• Tencent Supports Open Source Community With Linux Foundation Platinum Membership
    LinuxCon China -- The Linux Foundation, the nonprofit organization enabling mass innovation through open source, announces Tencent has become the latest Platinum member of the foundation. Tencent is a leading provider of Internet value added services in China, offering some of China's most popular websites, apps and services including QQ, Qzone, Tencent Cloud and Weixin/WeChat.
  • TARS and TSeer Form Open Source Project Communities Under The Linux Foundation to Expand Adoption and Pace of Development
    The Linux Foundation, the nonprofit organization enabling mass innovation through open source, today announced at LinuxCon + ContainerCon + CloudOpen China in Beijing that TARS, a remote procedure call (RPC) framework, and TSeer, a high availability service discovery, registration and fault tolerance framework, have become Linux Foundation projects. Both projects were initially developed by leading Chinese technology company, Tencent, which open sourced the projects last year. This follows the announcement of Tencent becoming a Platinum member of The Linux Foundation, and reflects the foundation’s growing collaboration with the Chinese open source community.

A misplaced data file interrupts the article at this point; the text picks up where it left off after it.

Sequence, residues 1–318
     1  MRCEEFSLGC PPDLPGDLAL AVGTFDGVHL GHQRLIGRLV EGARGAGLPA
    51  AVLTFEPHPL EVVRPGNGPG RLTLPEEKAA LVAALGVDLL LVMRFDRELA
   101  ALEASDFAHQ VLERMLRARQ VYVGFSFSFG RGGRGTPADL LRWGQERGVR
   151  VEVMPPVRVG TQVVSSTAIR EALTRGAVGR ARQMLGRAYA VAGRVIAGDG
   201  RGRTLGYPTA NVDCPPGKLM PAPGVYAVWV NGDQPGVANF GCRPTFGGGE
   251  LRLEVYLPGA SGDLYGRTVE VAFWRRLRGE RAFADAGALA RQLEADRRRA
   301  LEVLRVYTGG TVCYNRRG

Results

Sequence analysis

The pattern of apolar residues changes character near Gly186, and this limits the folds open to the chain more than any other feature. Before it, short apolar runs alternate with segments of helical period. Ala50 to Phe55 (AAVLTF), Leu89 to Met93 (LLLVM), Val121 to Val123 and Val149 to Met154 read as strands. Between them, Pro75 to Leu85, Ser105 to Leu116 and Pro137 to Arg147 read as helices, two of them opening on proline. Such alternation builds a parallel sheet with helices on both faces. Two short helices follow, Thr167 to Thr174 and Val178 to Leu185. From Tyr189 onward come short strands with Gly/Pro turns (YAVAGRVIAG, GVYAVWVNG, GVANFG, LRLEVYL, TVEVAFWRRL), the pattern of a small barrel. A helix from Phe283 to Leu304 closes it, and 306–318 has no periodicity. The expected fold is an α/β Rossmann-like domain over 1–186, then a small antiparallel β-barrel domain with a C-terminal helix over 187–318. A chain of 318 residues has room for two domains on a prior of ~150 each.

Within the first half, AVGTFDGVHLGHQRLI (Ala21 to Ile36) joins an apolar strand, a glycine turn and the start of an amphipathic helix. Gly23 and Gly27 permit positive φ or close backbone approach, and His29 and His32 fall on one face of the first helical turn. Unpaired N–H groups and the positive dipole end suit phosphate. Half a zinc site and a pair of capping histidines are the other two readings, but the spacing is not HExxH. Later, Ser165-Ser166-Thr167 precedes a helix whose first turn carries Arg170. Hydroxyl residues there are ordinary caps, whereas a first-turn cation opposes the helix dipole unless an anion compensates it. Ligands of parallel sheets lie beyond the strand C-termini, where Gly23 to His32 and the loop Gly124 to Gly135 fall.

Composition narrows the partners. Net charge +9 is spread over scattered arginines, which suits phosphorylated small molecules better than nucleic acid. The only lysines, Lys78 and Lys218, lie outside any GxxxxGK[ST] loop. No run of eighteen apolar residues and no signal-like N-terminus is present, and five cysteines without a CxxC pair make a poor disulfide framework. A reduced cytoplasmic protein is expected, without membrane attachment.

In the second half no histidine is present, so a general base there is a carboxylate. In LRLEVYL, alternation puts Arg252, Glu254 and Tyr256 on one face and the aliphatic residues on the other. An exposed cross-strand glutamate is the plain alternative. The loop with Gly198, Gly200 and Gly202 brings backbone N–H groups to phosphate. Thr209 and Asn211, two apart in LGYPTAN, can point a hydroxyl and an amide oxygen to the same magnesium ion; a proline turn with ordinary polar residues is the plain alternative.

• Tencent Becomes Latest Platinum Member of Linux Foundation
    Chinese behemoth looking to cultivate open source ties The Linux Foundation has announced that Tencent has become the latest member to obtain platinum membership. The non-profit American tech company, which is funded by membership payments, uses the funding for sustainable open source projects. Within the foundation, there are three membership tiers, starting from silver to gold, all the way up to platinum where members have to pay $500,000 a year (approx. £377,643) for that category.
  • Tencent Joins The Linux Foundation, Open-Sources Projects
    China's Tencent holding conglomerate that backs a variety of Internet services/products is the latest platinum member of the Linux Foundation.